3.1.3. Immersing a MAS into a VE

Modeling of the VE  On the user level, the virtual representation of the study area is very significant, especially if this environment is modelled starting from real data, e.g. from a Geographical Information System (GIS). It should correspond accurately to the reality, as well for the geometry as for the texture mapping and the decorations... Based on traditional techniques of realtime computer graphics sciences, the virtual environment, in which the agents evolve, is a 3d-model. It is made up from various objects modelled in three dimensions, and each of them are made up from triangular facets. However, the study area is generally very large and the number of objects in the scene (agent representations, buildings, decorations...) can be significant, so various computer graphics techniques must be implemented in order to preserve a fluidity in displacement, i.e. places and portals [23,41], BSP Tree[6]...


Multi-level simulation  The multiagent-based simulation (MABS) differs from many other kinds of computer-based simulation in that the simulated entities are designed and implemented in terms of agents. MABS models are usually regarded as microscopic simulation models, in opposition to the macroscopic models of simulation based on flows, Markovian processes, queueing systems, Petri networks...

But it is utopian to simulate at a microscopical level a whole city or a large industrial area where the number of agents - or entities - could easily exceeded 20.000 entities on a traditional IT-platform, i.e. without a cluster of calculators. We argue that the solution is inevitably in hybrid solutions: simulations including intrinsically different levels of simulation. We have already developed an application integrating three levels of simulation:  micro (e.g. vehicles), meso (e.g. roads and streets), macro (e.g. factory).  Today we work on a more general model where the quantity of simulation levels depends on the available IT-resources and on the complexity of the organizations in which the agents are implied.  These models are integrated on a model of holonic environment and holonic agents' organizations[7].


Interface between the MAS and the VR platform  Always with the aim to guarantee a realtime system, calculations are shared between several units to allowing charge balancing. It permits also to physically separate the different treatments and to specialize the computers according to their tasks. For example a computer could be dedicated and optimized for the graphical part and the other machines for the MAS... This way imposes however the development of communication techniques between the calculators. It must being subjected to the constraint of realtime. We must thus prevent the bottlenecks and optimize the transmissions of messages. A first development uses only the traditional socket messages. However, in order to increase the possibilities of the architecture, we currently work on a CORBA realtime core version.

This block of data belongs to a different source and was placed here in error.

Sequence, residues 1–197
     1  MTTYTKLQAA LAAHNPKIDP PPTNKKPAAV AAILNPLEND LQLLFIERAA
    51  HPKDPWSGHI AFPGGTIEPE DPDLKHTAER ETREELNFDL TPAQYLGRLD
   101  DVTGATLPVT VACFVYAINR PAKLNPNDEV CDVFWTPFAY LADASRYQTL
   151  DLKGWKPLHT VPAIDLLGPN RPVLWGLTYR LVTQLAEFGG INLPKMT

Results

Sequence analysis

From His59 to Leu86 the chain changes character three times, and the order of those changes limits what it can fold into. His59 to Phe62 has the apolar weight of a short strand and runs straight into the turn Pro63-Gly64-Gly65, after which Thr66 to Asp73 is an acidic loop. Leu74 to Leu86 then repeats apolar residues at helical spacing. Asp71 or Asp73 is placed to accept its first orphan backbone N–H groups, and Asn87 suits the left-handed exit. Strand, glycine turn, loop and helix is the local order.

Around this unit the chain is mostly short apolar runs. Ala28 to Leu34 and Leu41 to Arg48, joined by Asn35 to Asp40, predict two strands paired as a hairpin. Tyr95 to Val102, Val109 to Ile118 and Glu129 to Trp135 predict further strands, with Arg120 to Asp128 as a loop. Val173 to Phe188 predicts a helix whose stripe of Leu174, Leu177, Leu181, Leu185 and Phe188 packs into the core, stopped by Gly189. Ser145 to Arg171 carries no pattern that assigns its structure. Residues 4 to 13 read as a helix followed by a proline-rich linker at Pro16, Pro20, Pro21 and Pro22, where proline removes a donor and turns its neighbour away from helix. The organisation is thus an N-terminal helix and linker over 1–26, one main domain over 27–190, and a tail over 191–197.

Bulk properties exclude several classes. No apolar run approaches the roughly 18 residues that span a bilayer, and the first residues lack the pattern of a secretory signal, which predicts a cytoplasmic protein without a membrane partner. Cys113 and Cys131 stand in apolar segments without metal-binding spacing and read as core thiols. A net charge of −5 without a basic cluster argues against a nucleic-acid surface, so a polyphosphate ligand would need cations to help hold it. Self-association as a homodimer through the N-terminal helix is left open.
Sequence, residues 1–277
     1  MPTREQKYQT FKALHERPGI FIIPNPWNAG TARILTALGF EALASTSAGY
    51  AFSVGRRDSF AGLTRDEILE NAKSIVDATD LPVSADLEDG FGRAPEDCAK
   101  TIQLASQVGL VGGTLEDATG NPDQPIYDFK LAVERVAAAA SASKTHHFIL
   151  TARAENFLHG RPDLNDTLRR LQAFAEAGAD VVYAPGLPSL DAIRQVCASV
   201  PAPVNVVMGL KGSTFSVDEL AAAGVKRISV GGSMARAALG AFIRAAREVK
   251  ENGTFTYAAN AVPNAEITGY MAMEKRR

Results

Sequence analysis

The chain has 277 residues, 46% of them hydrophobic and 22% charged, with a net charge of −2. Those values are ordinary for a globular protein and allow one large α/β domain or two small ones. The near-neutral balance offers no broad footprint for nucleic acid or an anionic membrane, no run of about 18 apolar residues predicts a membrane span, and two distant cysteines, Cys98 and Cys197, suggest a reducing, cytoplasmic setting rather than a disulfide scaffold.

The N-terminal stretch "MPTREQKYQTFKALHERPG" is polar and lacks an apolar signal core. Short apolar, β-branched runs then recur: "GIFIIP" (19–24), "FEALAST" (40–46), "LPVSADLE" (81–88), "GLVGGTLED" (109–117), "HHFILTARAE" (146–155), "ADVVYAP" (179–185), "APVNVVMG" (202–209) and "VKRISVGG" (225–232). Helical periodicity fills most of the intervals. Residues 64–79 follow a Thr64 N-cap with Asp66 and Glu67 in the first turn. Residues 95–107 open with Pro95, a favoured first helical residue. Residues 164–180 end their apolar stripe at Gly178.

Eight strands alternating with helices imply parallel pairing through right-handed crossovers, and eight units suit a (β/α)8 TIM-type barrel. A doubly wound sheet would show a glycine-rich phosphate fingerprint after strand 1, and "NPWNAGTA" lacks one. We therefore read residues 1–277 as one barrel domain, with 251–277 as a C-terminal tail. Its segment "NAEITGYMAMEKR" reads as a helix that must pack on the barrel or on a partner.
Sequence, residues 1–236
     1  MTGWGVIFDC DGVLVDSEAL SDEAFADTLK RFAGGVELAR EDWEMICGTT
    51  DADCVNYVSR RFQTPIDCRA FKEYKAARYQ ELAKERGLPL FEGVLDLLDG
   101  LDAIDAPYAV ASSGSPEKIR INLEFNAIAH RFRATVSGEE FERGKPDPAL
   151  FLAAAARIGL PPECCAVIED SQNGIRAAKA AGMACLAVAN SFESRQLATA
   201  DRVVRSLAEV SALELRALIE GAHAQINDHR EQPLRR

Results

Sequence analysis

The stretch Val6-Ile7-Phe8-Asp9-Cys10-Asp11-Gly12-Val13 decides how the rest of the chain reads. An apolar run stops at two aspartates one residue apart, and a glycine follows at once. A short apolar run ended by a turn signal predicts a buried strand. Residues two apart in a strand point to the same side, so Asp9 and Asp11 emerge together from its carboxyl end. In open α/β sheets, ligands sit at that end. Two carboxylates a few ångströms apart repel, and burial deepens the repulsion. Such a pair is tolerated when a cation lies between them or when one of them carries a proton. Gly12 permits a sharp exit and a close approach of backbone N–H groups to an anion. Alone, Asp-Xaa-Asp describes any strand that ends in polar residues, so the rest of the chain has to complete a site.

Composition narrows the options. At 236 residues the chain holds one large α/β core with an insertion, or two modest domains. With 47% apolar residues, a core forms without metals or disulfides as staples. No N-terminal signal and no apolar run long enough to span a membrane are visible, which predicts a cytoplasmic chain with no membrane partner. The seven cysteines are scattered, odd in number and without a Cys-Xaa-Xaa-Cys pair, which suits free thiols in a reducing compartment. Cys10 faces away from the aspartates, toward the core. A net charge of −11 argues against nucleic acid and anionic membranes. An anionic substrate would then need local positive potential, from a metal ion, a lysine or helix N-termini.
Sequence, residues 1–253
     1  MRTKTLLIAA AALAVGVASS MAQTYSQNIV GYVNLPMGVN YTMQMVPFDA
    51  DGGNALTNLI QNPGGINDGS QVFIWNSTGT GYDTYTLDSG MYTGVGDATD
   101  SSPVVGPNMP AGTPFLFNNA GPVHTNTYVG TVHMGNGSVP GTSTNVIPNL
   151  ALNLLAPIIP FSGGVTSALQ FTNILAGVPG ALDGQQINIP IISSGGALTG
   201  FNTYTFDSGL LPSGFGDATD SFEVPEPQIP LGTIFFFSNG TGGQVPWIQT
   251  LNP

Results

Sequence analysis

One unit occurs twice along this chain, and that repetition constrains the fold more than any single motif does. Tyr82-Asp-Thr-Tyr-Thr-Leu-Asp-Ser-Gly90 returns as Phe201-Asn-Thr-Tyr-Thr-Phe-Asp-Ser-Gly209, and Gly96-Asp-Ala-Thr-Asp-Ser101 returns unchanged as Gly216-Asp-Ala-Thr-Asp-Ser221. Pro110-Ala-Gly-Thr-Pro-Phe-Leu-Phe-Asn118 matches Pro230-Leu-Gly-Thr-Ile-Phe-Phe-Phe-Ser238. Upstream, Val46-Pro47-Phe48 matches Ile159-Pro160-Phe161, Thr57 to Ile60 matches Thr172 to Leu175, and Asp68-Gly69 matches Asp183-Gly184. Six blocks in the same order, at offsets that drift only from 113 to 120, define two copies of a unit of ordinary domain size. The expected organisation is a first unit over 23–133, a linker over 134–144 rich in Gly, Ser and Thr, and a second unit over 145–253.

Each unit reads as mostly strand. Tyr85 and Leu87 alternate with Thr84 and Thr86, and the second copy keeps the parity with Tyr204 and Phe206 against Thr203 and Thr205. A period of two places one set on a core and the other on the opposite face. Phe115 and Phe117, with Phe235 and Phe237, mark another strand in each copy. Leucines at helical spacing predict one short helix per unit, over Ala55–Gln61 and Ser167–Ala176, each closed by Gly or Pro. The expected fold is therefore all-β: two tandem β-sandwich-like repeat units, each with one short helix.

The visual perception component previously presented could also be seen as an interaction mean between a MAS and a VE. Indeed its high-level functionst, i.e. methods for requesting a perception inside a space, are perceptual primitives from the agent's point of view. By this fact, the visual perception component is a part of the MAS environment and allow the agents to directly and transparently interact with a virtual environment.


3.2. Realtime Human Interactions with the Agents

3.2.1. Avatar Definition

The interaction and the immersion are the two fundamental characteristics of all virtual reality application [12]. It is essential for the user, since his real universe, to immerse himself in this virtual environment in order to interact with it or with the entities which populate it. With this intention, the user needs an existence in the virtual universe: the avatar - his graphical representation and his interactional vehicle inside the virtual world.

Within the framework of our developments, we conceive an avatar allowing the user to freely move inside the virtual universe. It is concretely realized with the devices of our laboratory's VR platform, namely a system of optical motion capture[8]. The user drives his avatar in an instinctive way with a Flystick[9] device. However, the core of the development is sufficiently modular to allow the use of other devices.

3.2.2. Interactions Avatar-Agent

In the multiagent system the avatar is regarded as an agent. Its interface is similar to that of the other agents. Its behavior on the other hand is the responsibility of the user, who controls it via the interaction means described in the above section. The avatar is regarded as an agent identical to the others. Consequently it can communicate with the whole of the multiagent system. One of the main problems is to provide to the user several intuitive ways of interaction which enable him to maintain, via its avatar, a simple level of communication with the other agents. This communication constitutes the support for a possible cooperation between the avatar and the agents.